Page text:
Former Boston Celtics great Bill Russell (left) signs copies of his new book, “Red and Me: My Coach, My Lifelong Friend,” for waiting fans at Costco Wholesale in Waltham, Mass., on Saturday, May 9, 2009. (Frederick Ellis Dashiell Jr. photo)
WALTHAM — Boston Celtics great Bill Russell stopped by Costco Wholesale last Saturday afternoon to greet fans and sign copies of his new book, “Red and Me: My Coach, My Lifelong Friend.”
The book chronicles the relationship between Russell and legendary Celtics coach Arnold Jacob “Red” Auerbach, and how the two of them worked together to orchestrate one of the greatest runs in professional sports history.
Russell, 75, played his entire career for the Celtics. Auerbach coached him from 1957 to 1966 before retiring to head the team’s front office and naming Russell to replace him as player-coach from 1966 to 1969. Under their leadership, the Celtics won 11 NBA titles in a 13-year span.
“Red and Me” also details the friendship the two men established during a racially explosive time and despite their obvious cultural differences — Auerbach was a short, fiery Brooklyn-born descendent of Russian Jews, while Russell was a towering native of strictly segregated West Monroe, La.
“We’re from two different tribes,” said Russell.
According to Russell, he has been working on the book since he retired. His daughter, Karen, said the process actually started a lot earlier than that.
“We’ve been hearing Red stories forever,” she said. “When Red passed, it crystallized his desire to share those stories.”
Auerbach died Oct. 28, 2006, of a heart attack. At the time, Russell had little to say about the loss in public. Two and a half years later, Russell said he is ready to speak about his friendship with Auerbach, and hopes his book will show how close he and Auerbach were, as well as highlight the way they interacted and worked together to dominate the NBA in the 1960s.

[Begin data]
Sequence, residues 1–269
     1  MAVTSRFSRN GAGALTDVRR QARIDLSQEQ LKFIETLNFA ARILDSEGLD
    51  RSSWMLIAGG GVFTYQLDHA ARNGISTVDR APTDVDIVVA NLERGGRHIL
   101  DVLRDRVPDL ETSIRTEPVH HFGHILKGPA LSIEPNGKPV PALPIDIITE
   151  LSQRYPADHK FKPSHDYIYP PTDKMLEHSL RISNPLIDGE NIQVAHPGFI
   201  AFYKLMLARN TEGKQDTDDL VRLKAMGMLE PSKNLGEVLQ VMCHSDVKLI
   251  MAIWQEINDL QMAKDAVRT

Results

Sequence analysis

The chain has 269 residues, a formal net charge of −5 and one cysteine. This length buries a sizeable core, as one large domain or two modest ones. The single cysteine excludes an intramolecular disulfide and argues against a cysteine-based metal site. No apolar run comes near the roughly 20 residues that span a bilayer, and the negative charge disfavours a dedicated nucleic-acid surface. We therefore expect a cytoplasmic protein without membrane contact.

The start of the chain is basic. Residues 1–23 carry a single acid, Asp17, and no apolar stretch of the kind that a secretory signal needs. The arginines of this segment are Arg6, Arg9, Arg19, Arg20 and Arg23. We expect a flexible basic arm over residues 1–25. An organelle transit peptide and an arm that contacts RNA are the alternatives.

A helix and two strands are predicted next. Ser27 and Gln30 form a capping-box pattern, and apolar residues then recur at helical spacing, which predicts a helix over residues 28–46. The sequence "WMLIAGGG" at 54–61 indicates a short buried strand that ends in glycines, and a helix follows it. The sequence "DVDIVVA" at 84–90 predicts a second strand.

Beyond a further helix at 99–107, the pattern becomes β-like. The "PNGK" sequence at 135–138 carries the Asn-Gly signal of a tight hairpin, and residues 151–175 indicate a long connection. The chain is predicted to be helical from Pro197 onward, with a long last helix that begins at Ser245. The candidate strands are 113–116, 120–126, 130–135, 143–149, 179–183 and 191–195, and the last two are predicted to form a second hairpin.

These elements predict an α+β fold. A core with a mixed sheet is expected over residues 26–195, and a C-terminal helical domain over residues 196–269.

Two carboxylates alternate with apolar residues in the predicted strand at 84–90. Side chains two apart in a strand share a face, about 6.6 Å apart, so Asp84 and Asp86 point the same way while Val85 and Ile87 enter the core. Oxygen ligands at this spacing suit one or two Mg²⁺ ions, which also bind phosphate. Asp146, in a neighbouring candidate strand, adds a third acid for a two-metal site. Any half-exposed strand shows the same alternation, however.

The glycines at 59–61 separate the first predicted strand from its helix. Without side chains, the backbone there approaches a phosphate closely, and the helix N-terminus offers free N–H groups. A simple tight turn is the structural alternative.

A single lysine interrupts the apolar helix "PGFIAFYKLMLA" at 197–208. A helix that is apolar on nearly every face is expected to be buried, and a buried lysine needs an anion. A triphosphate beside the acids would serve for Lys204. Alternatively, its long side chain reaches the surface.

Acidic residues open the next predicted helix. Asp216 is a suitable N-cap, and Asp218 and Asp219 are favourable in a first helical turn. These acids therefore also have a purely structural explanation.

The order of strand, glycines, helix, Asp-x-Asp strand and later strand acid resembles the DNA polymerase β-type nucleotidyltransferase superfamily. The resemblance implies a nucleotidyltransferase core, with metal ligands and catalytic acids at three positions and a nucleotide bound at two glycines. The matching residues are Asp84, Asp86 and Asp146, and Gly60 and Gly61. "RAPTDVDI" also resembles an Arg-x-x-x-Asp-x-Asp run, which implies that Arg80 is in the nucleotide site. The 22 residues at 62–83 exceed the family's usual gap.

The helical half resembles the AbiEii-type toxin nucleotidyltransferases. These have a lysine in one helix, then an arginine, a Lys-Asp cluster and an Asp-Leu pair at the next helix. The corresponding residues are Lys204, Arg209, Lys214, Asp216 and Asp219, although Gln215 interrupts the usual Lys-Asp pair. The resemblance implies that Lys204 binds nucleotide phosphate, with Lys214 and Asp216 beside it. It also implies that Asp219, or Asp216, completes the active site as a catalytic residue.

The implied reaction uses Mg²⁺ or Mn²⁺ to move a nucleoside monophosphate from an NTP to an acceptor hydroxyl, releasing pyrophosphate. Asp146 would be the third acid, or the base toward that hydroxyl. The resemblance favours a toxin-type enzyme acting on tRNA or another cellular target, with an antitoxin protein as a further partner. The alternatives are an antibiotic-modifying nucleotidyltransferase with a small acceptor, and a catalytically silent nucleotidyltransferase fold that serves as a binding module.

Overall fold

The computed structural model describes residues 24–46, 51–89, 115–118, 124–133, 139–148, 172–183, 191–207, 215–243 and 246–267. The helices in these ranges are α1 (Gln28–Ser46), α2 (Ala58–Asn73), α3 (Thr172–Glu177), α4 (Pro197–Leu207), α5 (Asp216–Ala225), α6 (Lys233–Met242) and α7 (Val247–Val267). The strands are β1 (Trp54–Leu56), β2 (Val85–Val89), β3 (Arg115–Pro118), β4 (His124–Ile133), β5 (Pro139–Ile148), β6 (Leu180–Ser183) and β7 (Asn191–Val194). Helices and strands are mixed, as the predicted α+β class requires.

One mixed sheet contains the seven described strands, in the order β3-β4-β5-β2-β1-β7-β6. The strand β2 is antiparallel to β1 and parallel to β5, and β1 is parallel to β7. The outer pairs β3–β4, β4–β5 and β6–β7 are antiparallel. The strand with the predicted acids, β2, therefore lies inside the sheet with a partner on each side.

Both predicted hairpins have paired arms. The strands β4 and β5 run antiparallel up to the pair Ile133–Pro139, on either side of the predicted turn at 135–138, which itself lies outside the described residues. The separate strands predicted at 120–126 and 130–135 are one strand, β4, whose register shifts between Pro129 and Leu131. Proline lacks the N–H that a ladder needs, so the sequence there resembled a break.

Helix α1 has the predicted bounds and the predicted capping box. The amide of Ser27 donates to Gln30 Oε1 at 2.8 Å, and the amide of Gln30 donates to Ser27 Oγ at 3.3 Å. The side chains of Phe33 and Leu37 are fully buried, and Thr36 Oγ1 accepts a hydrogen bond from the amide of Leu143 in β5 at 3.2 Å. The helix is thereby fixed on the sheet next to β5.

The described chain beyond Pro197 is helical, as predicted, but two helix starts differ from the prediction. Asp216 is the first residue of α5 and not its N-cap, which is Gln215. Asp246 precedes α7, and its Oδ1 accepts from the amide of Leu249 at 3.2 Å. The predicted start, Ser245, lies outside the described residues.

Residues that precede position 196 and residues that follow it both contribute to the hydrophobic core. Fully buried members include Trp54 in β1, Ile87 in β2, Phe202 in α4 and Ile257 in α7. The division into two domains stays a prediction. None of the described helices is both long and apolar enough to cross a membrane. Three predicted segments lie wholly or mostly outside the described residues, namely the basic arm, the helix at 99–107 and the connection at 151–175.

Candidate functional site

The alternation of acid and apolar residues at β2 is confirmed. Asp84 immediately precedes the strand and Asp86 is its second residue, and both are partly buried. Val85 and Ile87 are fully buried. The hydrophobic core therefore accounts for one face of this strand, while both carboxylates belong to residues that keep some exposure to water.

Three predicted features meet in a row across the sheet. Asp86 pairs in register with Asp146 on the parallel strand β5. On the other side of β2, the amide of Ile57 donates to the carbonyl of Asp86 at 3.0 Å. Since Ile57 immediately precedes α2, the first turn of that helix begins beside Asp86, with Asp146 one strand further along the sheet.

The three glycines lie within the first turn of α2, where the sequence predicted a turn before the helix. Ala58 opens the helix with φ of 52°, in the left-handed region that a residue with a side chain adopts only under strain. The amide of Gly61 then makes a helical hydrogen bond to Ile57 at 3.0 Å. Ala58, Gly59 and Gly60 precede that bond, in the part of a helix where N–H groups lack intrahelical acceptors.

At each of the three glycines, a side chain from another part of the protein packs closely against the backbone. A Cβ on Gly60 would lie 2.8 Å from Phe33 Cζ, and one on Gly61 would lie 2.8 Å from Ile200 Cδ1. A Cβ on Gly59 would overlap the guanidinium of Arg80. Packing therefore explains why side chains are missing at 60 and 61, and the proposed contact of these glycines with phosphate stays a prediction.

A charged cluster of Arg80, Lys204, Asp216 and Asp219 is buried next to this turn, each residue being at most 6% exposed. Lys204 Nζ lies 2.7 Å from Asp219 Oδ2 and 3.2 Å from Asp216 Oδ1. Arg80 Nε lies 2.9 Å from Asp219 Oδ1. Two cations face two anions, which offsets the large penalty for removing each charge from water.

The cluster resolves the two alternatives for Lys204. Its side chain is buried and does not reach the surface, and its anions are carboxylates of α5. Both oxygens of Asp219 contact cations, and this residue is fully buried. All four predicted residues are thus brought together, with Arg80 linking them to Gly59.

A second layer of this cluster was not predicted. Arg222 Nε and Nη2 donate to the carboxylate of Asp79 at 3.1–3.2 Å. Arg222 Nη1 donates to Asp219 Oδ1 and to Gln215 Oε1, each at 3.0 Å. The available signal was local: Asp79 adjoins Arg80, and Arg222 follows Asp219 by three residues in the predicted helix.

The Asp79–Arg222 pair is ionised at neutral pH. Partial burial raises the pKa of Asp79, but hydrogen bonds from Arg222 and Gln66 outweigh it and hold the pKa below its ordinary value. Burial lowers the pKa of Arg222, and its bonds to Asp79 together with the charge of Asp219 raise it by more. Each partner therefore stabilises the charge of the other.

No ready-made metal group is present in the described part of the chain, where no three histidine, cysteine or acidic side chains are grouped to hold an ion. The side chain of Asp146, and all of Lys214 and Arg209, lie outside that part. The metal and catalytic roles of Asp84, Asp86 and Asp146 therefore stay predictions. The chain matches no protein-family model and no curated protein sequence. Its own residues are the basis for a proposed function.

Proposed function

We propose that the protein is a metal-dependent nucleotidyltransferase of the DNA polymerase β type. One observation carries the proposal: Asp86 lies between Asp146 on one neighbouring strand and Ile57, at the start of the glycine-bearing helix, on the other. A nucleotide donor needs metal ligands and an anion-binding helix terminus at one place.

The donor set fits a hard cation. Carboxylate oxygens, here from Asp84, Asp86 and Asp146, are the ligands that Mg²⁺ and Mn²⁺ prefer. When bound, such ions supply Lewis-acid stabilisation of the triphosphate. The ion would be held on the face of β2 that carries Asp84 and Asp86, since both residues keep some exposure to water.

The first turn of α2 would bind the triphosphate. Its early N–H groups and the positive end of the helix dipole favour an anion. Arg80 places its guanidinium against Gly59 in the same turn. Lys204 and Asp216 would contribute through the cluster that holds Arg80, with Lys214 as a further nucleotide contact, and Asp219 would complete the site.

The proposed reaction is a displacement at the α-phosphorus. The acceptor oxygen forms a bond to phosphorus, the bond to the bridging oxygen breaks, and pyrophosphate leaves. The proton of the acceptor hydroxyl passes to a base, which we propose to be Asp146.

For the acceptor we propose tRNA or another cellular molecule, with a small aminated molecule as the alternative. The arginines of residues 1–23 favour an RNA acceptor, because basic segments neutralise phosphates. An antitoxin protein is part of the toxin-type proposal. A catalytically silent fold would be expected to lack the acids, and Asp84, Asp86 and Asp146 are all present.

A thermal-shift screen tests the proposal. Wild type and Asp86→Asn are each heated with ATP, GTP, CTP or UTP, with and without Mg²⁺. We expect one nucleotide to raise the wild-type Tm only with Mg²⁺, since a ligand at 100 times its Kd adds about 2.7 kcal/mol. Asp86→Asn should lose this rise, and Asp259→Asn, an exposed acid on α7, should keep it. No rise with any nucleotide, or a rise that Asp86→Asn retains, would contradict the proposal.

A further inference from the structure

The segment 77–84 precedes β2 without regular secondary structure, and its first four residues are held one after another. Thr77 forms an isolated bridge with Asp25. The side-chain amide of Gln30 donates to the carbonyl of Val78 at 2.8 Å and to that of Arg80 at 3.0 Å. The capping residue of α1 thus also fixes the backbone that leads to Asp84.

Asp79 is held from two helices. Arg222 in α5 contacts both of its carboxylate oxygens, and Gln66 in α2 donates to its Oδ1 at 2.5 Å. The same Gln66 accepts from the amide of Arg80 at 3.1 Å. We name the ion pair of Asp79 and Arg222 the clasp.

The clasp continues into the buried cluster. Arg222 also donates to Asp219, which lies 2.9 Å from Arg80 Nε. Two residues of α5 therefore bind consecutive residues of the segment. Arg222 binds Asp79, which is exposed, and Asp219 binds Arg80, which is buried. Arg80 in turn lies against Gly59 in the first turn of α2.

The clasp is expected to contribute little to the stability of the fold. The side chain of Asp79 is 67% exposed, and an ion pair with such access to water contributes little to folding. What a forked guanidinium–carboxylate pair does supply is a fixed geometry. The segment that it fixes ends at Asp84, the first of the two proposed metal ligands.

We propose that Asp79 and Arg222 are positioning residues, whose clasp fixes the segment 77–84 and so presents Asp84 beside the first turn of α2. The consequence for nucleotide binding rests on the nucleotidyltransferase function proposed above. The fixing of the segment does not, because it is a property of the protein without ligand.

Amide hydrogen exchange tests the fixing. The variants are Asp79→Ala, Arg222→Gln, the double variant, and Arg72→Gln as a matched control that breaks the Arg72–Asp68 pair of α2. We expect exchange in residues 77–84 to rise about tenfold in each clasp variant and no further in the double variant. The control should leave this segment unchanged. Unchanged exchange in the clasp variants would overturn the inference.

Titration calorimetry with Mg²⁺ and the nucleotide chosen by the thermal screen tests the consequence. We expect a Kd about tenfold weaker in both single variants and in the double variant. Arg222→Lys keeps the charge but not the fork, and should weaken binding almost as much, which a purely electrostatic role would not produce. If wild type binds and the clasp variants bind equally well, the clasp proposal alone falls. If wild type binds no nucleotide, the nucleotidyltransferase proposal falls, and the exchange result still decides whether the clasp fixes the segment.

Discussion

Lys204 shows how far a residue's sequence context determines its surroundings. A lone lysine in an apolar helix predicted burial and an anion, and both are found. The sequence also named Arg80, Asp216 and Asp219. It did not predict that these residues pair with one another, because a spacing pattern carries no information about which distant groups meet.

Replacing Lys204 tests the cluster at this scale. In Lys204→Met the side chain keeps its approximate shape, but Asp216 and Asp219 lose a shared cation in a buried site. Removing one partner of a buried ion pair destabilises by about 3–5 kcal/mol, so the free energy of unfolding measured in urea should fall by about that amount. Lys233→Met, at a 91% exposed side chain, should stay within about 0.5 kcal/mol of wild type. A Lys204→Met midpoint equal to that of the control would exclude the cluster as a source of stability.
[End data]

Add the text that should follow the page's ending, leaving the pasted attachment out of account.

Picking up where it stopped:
Karen Russell said that Auerbach treated her father with a level of respect that was unheard of at the time. In fact, after stepping down as coach of the Celtics to become the team’s general manager before the 1966-1967 season, Auerbach tapped Russell to be his successor, making him the first black coach in league history.
“He never received that kind of respect from his prior coaches,” she said. “To be treated as a peer was revolutionary.”
“Red and Me” was released last Tuesday, and Russell started his promotional tour last Friday, signing books for Celtics season ticket holders in the morning and then for fans at Barnes & Noble in the Prudential Center — including one for Mayor Thomas M. Menino, according to Stuart Layne, Russell’s friend and president of Seven2 Sports Marketing.
At the Waltham event, which drew a crowd of approximately 200 people, Russell signed books, posed for pictures and spoke with fans about what this year’s Celtics need to do to win their second-round playoff series against the Orlando Magic.
“They need K.G.!” Russell said, then added: “They need to just go out and play.”
Peter Toporzycki, a 20-year-old Boston College student and fan of Russell, spoke highly of the Hall-of-Famer’s dedication to the game and the city of Boston, as well as the high level of class Russell displayed during an era where black players were not treated well.
Toporzycki had three books signed and took a picture with Russell.
“My heart stopped when I shook his hand,” Toporzycki said.